Tolstoy completely opposed Russian imperialism. When Tsar Nicholas II supported European imperialism in China in 1902, Tolstoy referred to his monarch's action as "barbaric."
Tolstoy admired the Chinese people for taking a stand against the European imperialists, who, he contended, had badly abused and exploited China out of greed. Tolstoy argued that the Chinese people were tranquil and patient, traits he deeply admired. He condemned the Europeans in China as little more than selfish animals, challenging the stereotypes that depicted Europeans as more civilized than Asians.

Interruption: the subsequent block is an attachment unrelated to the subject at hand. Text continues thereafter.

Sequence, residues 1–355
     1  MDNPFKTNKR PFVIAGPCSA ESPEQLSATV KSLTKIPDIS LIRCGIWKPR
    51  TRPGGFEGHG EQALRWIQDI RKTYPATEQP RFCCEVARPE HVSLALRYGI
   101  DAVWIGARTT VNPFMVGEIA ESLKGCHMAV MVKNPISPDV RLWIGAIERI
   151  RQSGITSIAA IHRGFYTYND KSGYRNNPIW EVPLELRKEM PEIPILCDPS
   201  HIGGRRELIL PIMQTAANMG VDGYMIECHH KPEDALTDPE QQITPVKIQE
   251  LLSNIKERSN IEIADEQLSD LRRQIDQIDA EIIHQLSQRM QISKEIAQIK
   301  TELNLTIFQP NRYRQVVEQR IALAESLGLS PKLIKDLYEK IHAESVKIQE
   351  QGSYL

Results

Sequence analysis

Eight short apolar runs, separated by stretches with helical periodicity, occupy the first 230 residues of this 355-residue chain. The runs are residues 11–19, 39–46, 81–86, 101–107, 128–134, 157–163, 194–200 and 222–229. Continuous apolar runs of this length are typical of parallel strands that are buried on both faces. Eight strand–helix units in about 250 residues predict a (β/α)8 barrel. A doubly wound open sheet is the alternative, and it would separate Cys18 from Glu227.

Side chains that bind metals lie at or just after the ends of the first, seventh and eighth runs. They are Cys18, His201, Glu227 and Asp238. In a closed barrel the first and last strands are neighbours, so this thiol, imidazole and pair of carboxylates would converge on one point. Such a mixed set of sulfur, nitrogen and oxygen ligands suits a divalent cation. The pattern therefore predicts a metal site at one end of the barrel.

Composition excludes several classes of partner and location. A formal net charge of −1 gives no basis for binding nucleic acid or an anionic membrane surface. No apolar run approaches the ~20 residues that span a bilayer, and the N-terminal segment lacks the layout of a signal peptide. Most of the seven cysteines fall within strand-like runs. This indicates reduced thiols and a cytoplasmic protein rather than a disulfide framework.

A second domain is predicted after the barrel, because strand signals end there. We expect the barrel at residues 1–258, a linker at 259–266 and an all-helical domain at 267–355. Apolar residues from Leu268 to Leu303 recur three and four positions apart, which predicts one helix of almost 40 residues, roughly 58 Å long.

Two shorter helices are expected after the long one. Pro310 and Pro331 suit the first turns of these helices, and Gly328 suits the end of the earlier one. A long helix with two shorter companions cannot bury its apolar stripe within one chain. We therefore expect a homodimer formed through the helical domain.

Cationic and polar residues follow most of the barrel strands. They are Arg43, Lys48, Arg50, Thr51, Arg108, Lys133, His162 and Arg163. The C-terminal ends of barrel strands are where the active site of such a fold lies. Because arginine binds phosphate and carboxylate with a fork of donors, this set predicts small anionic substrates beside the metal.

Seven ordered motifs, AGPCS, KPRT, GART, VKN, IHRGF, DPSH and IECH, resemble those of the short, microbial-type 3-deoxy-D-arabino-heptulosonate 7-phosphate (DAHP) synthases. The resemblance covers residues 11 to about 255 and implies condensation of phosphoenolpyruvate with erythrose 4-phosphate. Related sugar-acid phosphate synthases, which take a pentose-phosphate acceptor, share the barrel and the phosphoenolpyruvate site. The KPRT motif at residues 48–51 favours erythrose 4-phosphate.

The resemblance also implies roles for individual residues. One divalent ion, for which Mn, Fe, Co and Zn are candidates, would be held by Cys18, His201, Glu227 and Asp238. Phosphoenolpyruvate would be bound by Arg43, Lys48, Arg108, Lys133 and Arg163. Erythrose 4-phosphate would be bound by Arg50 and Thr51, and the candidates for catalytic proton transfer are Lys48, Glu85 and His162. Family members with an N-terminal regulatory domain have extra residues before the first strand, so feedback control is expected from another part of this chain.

Tolstoy, who turned to spirituality in his later life, was a firm believer in nonviolence. He called for colonized peoples of the Middle East and Asia to resist imperialism through the use of nonviolent protest and action. Tolstoy wrote encouragingly to Gandhi to resist British domination. Although his stance was radical in his day, people today typically agree with him and condemn the excesses of imperialism.